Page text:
For fractal geometry there are several very good sources, including The Fractal Geometry of Nature by Benoit Mandelbrot (W. H. Freeman, 1982), The Beauty of Fractals by Heinz-Otto Peitgen and P. H. Richter (Springer-Verlag, 1986), and Fractals Everywhere by James Barnsley (Academic Press, 1988).
General references on the topology of surfaces include the classic Geometry and the Imagination by David Hilbert and Stefan Cohn-Vossen (Chelsea, 1952) and A Topological Picturebook by George Francis (Springer-Verlag, 1988).
The specific reference for the dynamical systems related to pendulum motion is the paper ``Topology and Mechanics'' by Hüseyin Koçak, Fred Bisshopp, David Laidlaw, and the author in Advances in Applied Mathematics, Vol. 7, pages 282-308, 1986. A good reference for singularity theory in geometry is Curves and Singularities by Peter Giblin and James Bruce (Cambridge University Press, 1984).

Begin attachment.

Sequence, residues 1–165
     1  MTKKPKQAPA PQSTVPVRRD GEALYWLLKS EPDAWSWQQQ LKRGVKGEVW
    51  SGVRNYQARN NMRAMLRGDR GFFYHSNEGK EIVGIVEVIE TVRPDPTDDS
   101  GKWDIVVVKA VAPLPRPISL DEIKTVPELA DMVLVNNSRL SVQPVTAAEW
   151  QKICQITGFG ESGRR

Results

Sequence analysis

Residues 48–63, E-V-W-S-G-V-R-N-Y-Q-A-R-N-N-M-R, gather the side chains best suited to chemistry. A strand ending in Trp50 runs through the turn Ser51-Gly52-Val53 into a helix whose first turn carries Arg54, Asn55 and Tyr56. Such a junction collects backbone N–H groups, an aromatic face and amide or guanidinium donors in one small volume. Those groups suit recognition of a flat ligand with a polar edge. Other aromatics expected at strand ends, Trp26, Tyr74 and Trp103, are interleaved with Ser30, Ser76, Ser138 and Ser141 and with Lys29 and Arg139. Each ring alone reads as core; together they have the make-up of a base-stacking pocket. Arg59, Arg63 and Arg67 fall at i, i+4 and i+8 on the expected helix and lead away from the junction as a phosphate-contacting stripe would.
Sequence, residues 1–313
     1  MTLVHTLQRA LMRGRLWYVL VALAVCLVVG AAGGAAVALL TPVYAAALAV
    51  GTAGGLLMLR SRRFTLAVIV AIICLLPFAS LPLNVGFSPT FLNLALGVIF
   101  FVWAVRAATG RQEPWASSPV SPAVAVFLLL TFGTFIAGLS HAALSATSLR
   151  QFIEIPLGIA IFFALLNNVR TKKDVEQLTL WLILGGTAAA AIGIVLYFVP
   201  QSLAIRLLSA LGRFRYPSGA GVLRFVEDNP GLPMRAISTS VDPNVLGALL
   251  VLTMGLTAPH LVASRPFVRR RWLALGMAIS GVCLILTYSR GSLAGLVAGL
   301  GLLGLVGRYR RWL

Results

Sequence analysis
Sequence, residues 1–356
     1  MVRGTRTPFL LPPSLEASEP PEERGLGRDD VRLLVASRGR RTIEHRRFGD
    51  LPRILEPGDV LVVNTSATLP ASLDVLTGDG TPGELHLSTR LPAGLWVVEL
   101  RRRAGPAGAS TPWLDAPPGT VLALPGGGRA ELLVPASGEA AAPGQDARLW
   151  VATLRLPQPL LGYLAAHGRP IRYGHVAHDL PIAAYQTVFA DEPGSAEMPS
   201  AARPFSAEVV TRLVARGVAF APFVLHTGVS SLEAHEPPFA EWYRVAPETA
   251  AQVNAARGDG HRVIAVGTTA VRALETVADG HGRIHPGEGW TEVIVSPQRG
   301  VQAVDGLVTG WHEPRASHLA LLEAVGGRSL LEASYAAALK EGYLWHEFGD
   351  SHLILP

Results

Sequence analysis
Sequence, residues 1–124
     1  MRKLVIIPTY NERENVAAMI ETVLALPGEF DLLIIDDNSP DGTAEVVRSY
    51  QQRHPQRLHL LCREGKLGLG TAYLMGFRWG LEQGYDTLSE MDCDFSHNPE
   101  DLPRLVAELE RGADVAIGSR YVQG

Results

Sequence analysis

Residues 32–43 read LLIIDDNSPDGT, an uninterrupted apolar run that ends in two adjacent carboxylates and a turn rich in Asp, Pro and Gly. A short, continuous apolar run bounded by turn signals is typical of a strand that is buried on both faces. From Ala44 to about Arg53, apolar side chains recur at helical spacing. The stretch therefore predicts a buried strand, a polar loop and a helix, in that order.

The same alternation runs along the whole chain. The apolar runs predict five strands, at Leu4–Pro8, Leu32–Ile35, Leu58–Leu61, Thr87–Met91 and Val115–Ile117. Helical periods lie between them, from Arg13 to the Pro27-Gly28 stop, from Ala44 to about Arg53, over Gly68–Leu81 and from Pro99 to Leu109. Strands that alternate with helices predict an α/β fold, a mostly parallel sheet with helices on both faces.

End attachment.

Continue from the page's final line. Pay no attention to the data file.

For polyhedra the standard references are the books of H. S. M. Coxeter: Regular Polytopes (Dover, 1973), Regular Complex Polytopes (Cambridge University Press, 1974), and Introduction to Geometry (John Wiley and Sons, 1961). The classic book by D. M. Y. Sommerville, Geometry of n Dimensions (Methuen, London, 1929; reprinted by Dover, 1958) is also an excellent reference. Another, more formal source is Convex Polytopes by Branko Grunbaum (Interscience Publishers, 1967). More recent books are Arthur Loeb's Space Structures: Their Harmony and Counterpoint (Addison-Wesley, 1976) and Shaping Space, edited by Marjorie Senechal and George Fleck (Birkhäuser, 1988). Another reference for the coordinate geometry of four dimensions is Linear Algebra through Geometry by Thomas Banchoff and John Wermer (Springer-Verlag, 1983, second edition, 1991).